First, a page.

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Googling Food Webs: Can an Eigenvector Measure Species' Importance for Coextinctions?

Summary: Googling Food Webs: Can an Eigenvector Measure
Species' Importance for Coextinctions?
Stefano Allesina1
*, Mercedes Pascual2,3,4
1 National Center for Ecological Analysis and Synthesis, Santa Barbara, California, United States of America, 2 Department of Ecology and Evolutionary Biology, University
of Michigan, Ann Arbor, Michigan, United States of America, 3 Santa Fe Institute, Santa Fe, New Mexico, United States of America, 4 Howard Hughes Medical Institute
A major challenge in ecology is forecasting the effects of species' extinctions, a pressing problem given current human
impacts on the planet. Consequences of species losses such as secondary extinctions are difficult to forecast because
species are not isolated, but interact instead in a complex network of ecological relationships. Because of their mutual
dependence, the loss of a single species can cascade in multiple coextinctions. Here we show that an algorithm adapted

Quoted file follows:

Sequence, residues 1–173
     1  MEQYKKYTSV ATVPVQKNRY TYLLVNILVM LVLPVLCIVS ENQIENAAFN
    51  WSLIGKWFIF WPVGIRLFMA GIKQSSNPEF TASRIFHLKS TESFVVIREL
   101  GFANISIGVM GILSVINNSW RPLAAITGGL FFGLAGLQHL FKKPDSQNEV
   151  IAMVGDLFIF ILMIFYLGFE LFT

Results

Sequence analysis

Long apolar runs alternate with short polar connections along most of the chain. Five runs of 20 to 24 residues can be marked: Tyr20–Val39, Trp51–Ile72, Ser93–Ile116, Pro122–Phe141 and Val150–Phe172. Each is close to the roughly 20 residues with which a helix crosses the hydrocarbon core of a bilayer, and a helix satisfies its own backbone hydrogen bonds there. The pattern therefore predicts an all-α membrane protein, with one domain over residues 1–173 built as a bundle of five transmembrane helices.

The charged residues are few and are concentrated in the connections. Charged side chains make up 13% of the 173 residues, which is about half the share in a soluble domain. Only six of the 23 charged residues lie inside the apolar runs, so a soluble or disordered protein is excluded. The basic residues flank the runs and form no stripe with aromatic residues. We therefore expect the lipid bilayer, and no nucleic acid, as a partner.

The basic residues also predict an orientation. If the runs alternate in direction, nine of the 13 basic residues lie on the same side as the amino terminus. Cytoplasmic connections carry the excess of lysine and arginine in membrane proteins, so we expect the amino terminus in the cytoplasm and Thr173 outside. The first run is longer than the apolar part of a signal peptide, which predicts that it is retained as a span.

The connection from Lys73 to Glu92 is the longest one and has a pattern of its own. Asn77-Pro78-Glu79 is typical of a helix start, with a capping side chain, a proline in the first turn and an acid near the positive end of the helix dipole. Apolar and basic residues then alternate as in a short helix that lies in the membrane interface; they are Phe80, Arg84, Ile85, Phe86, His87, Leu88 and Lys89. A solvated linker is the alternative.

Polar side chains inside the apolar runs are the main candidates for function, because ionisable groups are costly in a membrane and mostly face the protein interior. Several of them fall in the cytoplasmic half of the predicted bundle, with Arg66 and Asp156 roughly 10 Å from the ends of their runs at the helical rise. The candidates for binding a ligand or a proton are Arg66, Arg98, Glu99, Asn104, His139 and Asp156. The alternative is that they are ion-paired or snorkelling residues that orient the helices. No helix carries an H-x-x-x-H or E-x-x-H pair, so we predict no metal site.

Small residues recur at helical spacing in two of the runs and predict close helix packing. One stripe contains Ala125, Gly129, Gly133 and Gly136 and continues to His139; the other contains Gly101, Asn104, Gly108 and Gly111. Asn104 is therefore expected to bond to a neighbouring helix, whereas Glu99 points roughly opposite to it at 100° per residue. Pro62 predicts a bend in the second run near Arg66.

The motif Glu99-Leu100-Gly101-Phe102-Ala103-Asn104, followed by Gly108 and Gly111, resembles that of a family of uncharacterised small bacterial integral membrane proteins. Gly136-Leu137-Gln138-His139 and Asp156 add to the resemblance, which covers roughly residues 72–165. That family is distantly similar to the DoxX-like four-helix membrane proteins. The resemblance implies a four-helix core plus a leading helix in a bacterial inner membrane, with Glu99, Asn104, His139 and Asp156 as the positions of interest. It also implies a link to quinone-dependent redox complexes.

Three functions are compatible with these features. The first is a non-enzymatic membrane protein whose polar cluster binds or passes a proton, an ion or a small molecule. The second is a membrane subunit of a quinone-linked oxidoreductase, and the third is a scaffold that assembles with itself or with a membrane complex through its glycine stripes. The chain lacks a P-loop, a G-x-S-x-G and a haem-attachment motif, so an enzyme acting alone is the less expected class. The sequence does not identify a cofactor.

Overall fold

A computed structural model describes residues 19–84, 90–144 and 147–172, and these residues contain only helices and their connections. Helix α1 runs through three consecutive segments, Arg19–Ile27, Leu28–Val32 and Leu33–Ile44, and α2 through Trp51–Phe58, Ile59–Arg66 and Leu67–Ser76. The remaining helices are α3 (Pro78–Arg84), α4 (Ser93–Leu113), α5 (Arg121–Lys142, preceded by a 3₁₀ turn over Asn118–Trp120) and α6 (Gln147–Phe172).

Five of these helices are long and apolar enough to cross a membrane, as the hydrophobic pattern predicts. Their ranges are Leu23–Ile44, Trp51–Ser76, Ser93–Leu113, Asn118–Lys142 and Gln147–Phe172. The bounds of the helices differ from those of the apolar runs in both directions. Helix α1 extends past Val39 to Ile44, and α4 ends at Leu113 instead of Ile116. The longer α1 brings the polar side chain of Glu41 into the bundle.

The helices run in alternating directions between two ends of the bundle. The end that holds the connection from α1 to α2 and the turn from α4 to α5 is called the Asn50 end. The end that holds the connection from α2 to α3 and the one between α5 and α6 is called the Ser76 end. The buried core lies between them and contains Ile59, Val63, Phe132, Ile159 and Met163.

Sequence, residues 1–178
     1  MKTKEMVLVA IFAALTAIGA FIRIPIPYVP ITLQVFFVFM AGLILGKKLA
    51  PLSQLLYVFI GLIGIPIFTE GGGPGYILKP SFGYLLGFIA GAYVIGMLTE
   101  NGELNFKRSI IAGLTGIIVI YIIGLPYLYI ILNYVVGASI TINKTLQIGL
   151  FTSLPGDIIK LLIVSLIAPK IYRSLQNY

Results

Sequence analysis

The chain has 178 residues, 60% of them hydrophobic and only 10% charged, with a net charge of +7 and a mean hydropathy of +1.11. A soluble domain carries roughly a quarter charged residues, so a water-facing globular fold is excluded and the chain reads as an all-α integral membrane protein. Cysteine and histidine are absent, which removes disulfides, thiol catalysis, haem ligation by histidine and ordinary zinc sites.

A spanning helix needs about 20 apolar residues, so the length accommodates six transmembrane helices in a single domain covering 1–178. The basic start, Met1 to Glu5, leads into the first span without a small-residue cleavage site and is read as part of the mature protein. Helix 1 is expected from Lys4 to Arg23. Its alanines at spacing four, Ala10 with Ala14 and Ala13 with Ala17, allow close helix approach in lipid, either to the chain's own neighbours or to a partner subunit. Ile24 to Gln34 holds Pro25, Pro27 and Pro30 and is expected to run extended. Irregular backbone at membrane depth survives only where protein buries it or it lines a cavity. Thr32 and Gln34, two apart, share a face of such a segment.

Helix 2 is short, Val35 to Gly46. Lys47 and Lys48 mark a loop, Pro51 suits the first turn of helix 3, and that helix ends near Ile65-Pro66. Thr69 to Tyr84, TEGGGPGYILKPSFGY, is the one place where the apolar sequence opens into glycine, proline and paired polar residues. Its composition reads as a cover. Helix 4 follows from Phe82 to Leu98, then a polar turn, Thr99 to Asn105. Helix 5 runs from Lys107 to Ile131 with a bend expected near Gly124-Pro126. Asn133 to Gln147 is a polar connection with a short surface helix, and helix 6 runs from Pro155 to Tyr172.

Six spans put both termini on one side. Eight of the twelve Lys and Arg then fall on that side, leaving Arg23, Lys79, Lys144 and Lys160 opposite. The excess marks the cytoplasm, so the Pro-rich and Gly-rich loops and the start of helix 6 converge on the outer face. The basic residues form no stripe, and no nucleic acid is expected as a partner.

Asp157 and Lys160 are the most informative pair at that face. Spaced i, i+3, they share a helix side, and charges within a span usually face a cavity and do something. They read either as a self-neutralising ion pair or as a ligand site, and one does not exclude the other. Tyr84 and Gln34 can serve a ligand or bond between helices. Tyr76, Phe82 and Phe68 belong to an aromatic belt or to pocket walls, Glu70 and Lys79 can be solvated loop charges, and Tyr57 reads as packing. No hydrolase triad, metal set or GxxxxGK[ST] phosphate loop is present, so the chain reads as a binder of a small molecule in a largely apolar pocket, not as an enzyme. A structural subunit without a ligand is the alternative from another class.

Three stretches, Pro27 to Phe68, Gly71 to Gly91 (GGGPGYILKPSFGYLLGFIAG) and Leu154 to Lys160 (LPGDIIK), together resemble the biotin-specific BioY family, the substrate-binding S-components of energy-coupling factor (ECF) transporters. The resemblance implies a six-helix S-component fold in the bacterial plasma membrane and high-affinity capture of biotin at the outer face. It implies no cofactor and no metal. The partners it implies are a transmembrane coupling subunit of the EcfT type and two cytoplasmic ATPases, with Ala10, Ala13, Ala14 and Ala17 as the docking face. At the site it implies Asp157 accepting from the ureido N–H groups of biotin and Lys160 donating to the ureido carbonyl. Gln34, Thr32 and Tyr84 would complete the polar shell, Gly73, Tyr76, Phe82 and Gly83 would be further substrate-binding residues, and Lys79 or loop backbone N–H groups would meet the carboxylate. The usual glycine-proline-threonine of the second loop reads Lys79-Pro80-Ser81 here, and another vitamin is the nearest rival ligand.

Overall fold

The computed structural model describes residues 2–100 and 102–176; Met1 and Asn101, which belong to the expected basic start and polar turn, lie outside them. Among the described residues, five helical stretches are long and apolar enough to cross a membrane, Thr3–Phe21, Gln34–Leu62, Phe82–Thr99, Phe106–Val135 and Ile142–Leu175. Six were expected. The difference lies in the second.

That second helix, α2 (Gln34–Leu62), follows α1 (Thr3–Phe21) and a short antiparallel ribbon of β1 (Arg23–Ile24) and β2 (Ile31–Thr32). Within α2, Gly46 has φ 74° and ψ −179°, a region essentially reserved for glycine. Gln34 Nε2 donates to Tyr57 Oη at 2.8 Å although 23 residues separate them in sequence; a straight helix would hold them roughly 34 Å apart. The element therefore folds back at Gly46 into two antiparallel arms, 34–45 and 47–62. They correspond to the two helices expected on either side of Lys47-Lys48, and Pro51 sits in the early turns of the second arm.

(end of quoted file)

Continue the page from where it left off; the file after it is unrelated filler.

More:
from the one Google uses to rank web-pages can order species according to their importance for coextinctions, providing
the sequence of losses that results in the fastest collapse of the network. Moreover, we use the algorithm to bridge the gap
between qualitative (who eats whom) and quantitative (at what rate) descriptions of food webs. We show that our simple
algorithm finds the best possible solution for the problem of assigning importance from the perspective of secondary
extinctions in all analyzed networks. Our approach relies on network structure, but applies regardless of the specific
dynamical model of species' interactions, because it identifies the subset of coextinctions common to all possible models,
those that will happen with certainty given the complete loss of prey of a given predator. Results show that previous
measures of importance based on the concept of ``hubs'' or number of connections, as well as centrality measures, do not
identify the most effective extinction sequence. The proposed algorithm provides a basis for further developments in the


Source: Allesina, Stefano - Department of Ecology and Evolution, University of Chicago
Pascual, Mercedes - Department of Ecology and Evolutionary Biology, University of Michigan


Collections: Biology and Medicine; Environmental Sciences and Ecology